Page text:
# Help with Simple Harmonic Motion

1. Jan 8, 2007

### klove1313

Hey, my teacher gave me these two problems for Homework and me nor anybody else in my class has no idea how to do them, any help would be greatly appreciated.

1. a 15.0kg block rests on a horizontal table and is attached to one end of a massless, horizontal spring. By pulling horizontally on the other end of the spring, someone causes the block to accelerate uniformly and readch a speed of 5m/s in .5s. In the process, the spring is stretched by .2m. The block is then pulled at a constant speed of 5m/s, during which time the spring is stretched by only .05m. Find (a) the spring constant of the spring and (b) the coefficient of kinetic friction between te block and the table.

Now i used F applied=-kx with F applied=ma and x=displacement of the spring i got the spring constand to be equal to -750. That is the farthest i got, i dont know if its right or even how to begin part b.

2.A 30.0kg blcok is resting on a flat horizontal table. ON top of this block is resting a a 15.0kg block, to which a horizontal spring is attached, as the drawing illustrates. The spring constant of the spring is 325N/m. The coefficient of kinetic friction between the lower block and the table is .6, while the coefficient of static friction between the two blocks is .900. A horizontal force is increading in such a way as to keep the blocks moving at a constant speed. At the point where the upper block begins to slip on the lower block determine (a) the amount by which the spring is compressed and (b) the magnitude of the force F.

I dont even know where to start any help would be greatly appreciated.

Last edited: Jan 8, 2007
2. Jan 9, 2007

You got the spring constant right, although it is not negative. Regarding part (b), which forces are acting on the block during its constant velocity? Further on, the question which is always asked, what does constant velocity imply?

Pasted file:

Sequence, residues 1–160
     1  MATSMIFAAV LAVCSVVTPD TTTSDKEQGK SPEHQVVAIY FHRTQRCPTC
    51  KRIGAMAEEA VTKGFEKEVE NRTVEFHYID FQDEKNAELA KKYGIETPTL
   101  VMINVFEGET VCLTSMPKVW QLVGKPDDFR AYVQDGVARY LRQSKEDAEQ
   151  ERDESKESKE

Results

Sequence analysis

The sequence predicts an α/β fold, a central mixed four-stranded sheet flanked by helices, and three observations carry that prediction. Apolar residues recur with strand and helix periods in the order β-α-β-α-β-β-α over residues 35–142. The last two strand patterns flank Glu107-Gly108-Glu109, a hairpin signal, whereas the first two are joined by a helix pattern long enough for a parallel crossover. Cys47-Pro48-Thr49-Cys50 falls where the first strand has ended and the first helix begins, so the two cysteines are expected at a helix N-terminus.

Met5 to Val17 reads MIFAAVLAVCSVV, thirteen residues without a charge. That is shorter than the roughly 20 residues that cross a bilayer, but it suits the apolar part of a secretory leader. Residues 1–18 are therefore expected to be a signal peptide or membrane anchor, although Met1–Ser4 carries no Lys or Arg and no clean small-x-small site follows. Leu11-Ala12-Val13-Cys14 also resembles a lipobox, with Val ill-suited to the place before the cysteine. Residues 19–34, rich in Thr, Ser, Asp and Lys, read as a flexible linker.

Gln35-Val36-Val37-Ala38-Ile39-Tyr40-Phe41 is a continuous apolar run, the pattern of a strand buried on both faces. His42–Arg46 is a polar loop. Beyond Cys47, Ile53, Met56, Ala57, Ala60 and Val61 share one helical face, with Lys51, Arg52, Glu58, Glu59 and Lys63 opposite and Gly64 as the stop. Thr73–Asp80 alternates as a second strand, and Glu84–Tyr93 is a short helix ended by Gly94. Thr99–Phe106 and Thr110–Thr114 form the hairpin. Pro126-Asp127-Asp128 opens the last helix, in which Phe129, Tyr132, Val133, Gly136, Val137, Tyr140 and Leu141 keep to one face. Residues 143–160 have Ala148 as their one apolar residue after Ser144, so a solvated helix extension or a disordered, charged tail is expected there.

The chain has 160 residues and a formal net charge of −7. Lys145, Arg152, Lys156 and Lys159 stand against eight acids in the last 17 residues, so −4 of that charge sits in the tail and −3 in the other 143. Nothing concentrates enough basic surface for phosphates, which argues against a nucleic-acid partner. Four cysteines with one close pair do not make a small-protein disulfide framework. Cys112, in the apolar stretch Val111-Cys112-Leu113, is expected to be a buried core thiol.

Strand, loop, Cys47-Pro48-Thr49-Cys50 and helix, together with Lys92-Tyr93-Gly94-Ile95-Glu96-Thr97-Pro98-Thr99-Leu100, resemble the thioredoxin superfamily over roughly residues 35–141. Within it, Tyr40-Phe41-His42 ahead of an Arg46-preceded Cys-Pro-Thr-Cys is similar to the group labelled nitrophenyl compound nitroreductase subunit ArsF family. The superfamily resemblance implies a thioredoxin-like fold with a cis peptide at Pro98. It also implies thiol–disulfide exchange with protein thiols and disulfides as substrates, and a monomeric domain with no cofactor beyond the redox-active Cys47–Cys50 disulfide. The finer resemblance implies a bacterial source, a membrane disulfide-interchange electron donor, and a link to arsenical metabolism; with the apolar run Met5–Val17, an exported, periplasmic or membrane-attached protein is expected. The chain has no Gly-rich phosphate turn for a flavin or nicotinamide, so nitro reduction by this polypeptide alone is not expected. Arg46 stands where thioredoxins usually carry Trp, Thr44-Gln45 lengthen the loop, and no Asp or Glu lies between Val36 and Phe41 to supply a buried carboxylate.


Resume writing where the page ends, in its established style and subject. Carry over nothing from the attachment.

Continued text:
3. Jan 9, 2007

### klove1313

Constant velocity would imply that there is no acceleration and therefore the force applied and the friction would be equal. I do not however know how to get the coeficiant of friction. So would it be Force-Friction=0=kx?

4. Jan 9, 2007

Your equation does not make sense. It would make sense it you wrote something like ' Force - Friction = 0 '. The net force must equal zero, that part was good. Now, what does the force of friction equal?

5. Jan 9, 2007

### klove1313

I'm not sure this is where i get confused. If Force-friction= 0 then wouldnt the force of friction have to be equal to the force. But since there is no acceleration how do you find the force. and kx canot be equal to 0

6. Jan 9, 2007

### Hootenanny

Staff Emeritus
As radou said, constant acceleration (i.e. a = 0) implies that the net force (i.e. the vector sum of all the forces) must be zero. So, the first step is to identify all the forces acting on the block. Since, we are only concerned with forces in the horizontal plane (friction etc) we can ignore any forces acting in the vertical plane.

7. Jan 9, 2007

### klove1313

well since the acceleration is zero that means that the friction would be equal to the force acting positively on the block. But how do i find what the friciton is equal to? it would be mu Force normal, but what is that equal to.

8. Jan 9, 2007

### Staff: Mentor

In solving this problem you'll need to set up two equations, one for each scenario: constant acceleration & zero acceleration.

This is incorrect. In Newton's 2nd law you need to use the net force, not just the force applied by the spring. You forgot to include friction.

"mu" is one of the two unknowns you are solving for, but what is the normal force? (What forces act vertically on the block?)

Again, to solve this problem and find "k" and "mu", apply Newton's 2nd law twice: once for the constant acceleration case, once for the constant velocity case. Solve those two equations together and you'll get your answers.